Sinéad Keegan is a writer and creative writing lecturer at Kingston University. She also teaches in her local community. She has an MFA in creative writing and is currently writing her first novel. Her short stories and poetry and have been published in several magazines and she blogs at www.sineadkeegan.com. She is the co-founder and co-editor of the literary and arts publication, all the sins, which can be found at www.allthesins.co.uk.
We dip our toes like gymnasts
on our stone wall balance beam
stick our landings on the sidewalk
we jump five-gallon buckets
rollerblade wheels grind
elbows scraping tarmac
we play Olden Days
Laura Ingalls Wilder at our side
traversing the Rockies of discarded concrete slabs
we dare each other
to ring the bell of the nuns’ house
of the house where men visit
we wear black
chase around parked cars
flashlights flicking across the burnt grass
we lie on sun-warm ground
the Big Dipper is the only constellation
we know it will be there forever.
My father keeps bees in the city
next to the pear tree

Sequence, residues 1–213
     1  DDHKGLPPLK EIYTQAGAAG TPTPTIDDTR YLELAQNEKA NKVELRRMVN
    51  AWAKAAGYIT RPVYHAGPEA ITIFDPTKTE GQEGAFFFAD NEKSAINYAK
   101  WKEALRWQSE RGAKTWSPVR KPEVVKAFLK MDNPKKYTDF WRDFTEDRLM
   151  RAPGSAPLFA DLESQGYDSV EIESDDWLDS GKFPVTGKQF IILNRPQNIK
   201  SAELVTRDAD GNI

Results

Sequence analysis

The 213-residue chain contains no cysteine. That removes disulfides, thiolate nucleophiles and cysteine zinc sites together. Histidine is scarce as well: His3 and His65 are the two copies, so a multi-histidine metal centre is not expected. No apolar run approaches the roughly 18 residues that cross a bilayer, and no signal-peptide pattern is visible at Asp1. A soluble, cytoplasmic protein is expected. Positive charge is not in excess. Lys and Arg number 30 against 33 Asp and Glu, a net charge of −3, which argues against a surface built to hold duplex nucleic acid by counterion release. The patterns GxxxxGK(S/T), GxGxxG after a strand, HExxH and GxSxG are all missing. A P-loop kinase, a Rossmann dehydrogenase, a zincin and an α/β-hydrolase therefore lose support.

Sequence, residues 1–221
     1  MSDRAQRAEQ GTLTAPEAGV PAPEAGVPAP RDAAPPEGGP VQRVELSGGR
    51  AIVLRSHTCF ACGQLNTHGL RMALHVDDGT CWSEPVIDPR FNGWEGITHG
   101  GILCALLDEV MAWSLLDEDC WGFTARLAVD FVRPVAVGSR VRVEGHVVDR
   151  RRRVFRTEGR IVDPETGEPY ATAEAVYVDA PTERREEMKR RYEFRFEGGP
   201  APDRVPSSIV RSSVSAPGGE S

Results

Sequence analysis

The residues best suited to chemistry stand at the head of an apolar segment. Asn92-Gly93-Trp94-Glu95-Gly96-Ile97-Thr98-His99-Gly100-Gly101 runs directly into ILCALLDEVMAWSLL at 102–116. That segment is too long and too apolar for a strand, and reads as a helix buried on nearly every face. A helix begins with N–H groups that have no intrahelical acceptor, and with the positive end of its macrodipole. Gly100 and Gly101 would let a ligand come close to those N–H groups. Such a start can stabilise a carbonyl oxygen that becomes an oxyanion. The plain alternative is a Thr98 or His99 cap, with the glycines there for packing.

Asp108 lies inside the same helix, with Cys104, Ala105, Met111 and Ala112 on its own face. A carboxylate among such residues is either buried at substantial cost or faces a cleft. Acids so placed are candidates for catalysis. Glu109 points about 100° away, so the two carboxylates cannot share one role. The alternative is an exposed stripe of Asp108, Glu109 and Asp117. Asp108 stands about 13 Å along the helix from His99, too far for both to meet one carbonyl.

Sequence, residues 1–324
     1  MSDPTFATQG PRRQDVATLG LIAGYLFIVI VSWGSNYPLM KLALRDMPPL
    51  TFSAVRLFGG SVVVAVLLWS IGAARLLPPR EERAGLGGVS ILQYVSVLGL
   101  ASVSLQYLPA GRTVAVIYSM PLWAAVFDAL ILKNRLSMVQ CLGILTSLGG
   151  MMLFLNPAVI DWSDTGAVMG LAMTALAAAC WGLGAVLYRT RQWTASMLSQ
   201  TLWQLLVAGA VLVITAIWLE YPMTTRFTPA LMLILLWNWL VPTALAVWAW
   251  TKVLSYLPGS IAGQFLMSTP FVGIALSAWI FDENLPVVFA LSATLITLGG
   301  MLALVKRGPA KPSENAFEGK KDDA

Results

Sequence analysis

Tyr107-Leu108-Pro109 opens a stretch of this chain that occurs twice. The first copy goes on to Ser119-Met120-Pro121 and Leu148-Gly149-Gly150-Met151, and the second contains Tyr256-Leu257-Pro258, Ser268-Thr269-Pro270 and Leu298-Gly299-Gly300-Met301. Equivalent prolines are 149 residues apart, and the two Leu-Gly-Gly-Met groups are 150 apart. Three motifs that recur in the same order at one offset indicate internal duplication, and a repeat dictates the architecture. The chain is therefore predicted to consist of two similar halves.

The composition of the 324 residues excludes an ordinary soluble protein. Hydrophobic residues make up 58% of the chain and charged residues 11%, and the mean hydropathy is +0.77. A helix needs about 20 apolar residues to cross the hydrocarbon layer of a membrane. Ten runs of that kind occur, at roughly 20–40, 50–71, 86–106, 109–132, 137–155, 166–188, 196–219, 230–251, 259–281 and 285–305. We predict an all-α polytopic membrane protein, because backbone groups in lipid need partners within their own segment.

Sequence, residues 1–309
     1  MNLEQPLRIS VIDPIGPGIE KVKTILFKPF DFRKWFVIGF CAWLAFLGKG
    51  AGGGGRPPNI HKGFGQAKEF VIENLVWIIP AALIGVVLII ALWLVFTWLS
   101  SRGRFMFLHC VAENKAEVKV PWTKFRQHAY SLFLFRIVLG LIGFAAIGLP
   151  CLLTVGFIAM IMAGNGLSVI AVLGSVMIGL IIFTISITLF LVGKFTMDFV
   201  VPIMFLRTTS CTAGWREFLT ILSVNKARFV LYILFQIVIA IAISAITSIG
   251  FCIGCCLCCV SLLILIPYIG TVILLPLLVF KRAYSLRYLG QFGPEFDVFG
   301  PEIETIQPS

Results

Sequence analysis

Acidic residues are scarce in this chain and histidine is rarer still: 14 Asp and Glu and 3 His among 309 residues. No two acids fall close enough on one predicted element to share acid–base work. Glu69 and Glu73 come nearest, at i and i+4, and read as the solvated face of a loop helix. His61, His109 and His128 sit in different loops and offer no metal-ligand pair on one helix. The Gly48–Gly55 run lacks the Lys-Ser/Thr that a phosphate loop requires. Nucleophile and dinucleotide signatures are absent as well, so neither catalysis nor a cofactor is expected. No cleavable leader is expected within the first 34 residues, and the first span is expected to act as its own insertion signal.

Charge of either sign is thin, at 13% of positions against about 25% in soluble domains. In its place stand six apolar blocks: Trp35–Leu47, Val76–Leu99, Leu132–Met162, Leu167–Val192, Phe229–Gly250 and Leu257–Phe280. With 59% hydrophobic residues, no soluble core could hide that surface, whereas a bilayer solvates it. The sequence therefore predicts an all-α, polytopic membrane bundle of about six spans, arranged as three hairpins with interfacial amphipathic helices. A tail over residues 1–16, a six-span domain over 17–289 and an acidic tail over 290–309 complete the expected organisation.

where we buried the cat.
The tree has been dying
since it was planted. It has never born fruit
and so we argue about whether it doesn’t bear
pears or plums.
The cottage where he was born
had hives amongst the cooking apple trees.
He has always loved the workers
dancing the path to nectar
traveling miles on crepe wings
dusting their bodies with the powder
of apple blossoms, lupins and the purple bog heather.
The first time he was stung
he put his lips to the red welt on his arm
sucked the venom from the blister.
It slipped down his throat leaving a trail
of constricting muscles
swollen tissue. Still he calls a ski jacket
protection and even under the hot,
American, summer sun brings his bees
sugar water. Smoker in hand he ducks under
the branches without blossoms.